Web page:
Teaching that slavery is a dark chapter in American history shouldn’t be controversial. And it’s dishonest to pretend that the final chapter was written with the end of the Civil War.
That would disavow the continuing remnants of a racist society that included public lynchings of Black men, Jim Crow laws, the Ku Klux Klan, segregation, redlining and the fight for both civil rights and voting rights ... battles that are still being waged today.
While we like to consider ourselves “enlightened,” many among us prefer not to cast a spotlight on what we once were and, unfortunately, what many still are.
As a result, educators in our public schools and universities now find themselves in the crosshairs of a manufactured controversy referred to as critical race theory — a phrase spawned by right-wing groups and media.
The groups behind this can be traced to the Koch money tree which backed the Tea Party movement of a decade ago. The Tea Party was a response to a Black man in the White House (which led to the familiar cry, “I want my country back”) and to the growing federal debt.
Since Barack Obama is no longer president and Republican lawmakers don’t care about deficits (at least while they hold the White House), conservative groups must fabricate issues that play on the fear or emotion (preferably both) of their voting base. Consequently, transgender athletes are now a threat to young girls, easier voting access equates to fraud and teaching young people about discrimination is “indoctrination.”
When school superintendent Jeff Porter in Maine denounced white supremacy in the wake of the George Floyd murder and other recent events, all it took was one uninformed parent, with the backing of the right-wing financed group, No Left Turn in Education, to give rise to the fight against teaching about systemic racism.
This is part of a coordinated effort involving, by some estimates, at least 165 local and national groups that are opposed to bringing the discussion of race and gender inequality and discrimination into the classroom.
Apparently, the goal is for young people to be as ignorant about our history as too many adults — to avoid besmirching the idea of American exceptionalism.
While taking a brief break from trying to undermine election results in other states, Kansas Attorney General Derek Schmidt jumped into the controversy when he described critical race theory as “a radical new curriculum.”
Predictably kowtowing to those on the far right who he needs in the race for governor, Schmidt said in an e-mail this is the “Far Left’s new strategy to teach our students that they should be ashamed of America and that our skin color should define who we are.”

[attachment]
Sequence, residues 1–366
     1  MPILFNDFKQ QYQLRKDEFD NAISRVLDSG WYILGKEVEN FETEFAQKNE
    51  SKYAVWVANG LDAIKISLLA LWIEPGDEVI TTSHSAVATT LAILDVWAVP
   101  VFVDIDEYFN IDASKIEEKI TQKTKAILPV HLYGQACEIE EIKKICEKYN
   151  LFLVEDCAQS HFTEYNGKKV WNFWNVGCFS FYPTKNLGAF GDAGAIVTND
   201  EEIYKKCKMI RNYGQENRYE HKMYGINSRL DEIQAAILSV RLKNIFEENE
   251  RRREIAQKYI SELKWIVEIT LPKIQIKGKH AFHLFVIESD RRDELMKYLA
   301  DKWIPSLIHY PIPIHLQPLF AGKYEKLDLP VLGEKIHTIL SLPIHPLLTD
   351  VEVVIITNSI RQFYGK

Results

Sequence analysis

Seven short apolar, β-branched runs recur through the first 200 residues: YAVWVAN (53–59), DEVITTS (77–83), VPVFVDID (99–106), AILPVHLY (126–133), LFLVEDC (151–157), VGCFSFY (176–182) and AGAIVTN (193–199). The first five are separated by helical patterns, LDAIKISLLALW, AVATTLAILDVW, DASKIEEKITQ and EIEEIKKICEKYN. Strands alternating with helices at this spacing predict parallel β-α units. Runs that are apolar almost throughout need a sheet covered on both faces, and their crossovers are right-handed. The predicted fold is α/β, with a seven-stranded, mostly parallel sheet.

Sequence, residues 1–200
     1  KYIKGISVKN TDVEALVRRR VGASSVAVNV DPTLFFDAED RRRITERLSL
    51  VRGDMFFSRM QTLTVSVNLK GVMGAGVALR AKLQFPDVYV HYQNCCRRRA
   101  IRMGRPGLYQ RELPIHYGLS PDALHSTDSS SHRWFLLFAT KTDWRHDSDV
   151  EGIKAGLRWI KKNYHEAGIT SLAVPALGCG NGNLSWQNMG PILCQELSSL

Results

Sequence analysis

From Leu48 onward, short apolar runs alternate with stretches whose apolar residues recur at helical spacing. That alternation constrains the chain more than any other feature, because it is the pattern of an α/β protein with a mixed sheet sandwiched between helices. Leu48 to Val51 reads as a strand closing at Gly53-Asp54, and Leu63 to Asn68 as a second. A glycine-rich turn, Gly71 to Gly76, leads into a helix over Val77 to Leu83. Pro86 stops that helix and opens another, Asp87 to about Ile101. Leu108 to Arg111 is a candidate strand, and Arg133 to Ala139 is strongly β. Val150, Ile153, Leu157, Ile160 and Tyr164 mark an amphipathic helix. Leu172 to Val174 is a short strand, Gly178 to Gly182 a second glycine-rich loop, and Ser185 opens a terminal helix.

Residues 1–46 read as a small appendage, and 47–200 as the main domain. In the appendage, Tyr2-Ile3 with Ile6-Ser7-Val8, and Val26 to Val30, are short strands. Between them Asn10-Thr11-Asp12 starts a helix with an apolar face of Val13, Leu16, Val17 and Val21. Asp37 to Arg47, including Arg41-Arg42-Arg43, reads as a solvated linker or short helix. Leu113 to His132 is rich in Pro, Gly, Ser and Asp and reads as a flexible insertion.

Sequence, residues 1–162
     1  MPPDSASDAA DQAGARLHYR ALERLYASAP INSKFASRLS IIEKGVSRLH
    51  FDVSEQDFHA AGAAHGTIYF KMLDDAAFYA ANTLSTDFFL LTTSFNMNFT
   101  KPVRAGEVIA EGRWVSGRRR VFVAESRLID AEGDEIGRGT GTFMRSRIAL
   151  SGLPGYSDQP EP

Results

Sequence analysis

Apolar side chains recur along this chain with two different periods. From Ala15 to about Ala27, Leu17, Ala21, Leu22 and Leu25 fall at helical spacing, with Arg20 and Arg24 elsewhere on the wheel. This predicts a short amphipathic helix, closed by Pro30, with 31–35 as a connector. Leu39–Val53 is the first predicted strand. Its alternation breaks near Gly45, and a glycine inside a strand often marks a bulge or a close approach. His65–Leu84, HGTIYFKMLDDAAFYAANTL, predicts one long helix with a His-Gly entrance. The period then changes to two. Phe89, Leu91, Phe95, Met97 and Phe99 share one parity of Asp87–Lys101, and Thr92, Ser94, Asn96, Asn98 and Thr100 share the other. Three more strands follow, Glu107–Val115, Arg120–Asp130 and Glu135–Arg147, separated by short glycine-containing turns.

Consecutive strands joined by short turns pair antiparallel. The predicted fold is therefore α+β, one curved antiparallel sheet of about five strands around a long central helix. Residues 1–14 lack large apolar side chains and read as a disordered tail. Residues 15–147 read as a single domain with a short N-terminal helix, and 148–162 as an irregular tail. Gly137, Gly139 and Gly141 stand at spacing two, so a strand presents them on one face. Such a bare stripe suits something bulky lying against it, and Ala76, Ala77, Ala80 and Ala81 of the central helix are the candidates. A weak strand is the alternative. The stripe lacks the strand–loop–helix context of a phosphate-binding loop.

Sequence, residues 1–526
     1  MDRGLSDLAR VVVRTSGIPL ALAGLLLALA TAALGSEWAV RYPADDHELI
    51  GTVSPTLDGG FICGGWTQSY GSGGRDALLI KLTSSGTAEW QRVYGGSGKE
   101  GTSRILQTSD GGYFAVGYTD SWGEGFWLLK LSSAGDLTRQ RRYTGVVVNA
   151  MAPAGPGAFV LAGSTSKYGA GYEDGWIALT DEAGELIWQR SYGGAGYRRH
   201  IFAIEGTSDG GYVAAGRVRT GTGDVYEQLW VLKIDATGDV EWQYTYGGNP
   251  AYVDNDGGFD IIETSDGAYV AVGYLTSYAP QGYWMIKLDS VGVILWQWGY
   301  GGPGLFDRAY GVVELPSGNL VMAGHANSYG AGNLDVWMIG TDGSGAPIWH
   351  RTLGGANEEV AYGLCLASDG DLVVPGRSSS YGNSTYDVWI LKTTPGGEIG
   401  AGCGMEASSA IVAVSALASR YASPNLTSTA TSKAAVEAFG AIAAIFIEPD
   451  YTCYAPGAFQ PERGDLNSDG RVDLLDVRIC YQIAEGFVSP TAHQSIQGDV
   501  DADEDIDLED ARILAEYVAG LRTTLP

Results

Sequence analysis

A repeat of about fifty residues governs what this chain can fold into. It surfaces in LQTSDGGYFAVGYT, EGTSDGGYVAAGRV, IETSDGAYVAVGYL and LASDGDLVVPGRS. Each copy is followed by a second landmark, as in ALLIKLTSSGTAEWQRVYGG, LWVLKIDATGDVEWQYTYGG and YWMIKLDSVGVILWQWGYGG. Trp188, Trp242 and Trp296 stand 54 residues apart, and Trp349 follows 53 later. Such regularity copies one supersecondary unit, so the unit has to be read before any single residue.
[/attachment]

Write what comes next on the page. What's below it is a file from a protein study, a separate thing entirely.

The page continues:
Schmidt’s political posturing ignores the fact that for more than 400 years, skin color has defined who some people are. It was skin color that put some people in the chains of slavery, that limited where they could live, where they could eat and even whether they could drink from public water fountains.
It was skin color that made it more difficult for certain people to vote — and still does thanks to continuing efforts by Schmidt and Republican lawmakers across the country.
And it was skin color that made it acceptable for certain people to be executed without a trial, without their executioners being held accountable and, even today, without some police officers being brought to justice when excessive force leads to death.
No one is asking our young people to carry the guilt of more than four centuries of oppression and injustice. Despite the claims of those on the far right, no one is saying we should be ashamed of being white or being an American.
But neither should we try to whitewash the past and ignore the atrocities, the systemic racism and the discrimination that haven’t just been tolerated but have become ingrained within our society.
This so-called radical new curriculum isn’t so new. It’s simply bringing into the classroom the lessons that some among us have experienced all their lives. It’s an acknowledgment that we can’t become better people if we don’t understand the wrongs that have occurred.
Discussing the role of race in America isn’t theory, but history.
Whether or not we are troubled by this knowledge isn’t something that’s determined by a social studies teacher but by our upbringing, by our own measure of right and wrong, by our own concept of justice and injustice.
That begins at home and with the people we are surrounded by. And perhaps that is the biggest fear of those consumed by right-wing media and conspiracies that are much more mysterious in their origin than the study of race in this nation.
Ignorance, like racism, isn’t easy to overcome. In some, it’s a permanent condition.
Learning about who we are shouldn’t be cast in a political light. This should be about trying to understand what it’s like to walk in another individual’s shoes and becoming a better person from the experience.
Rod Haxton is publisher of The Scott County Record.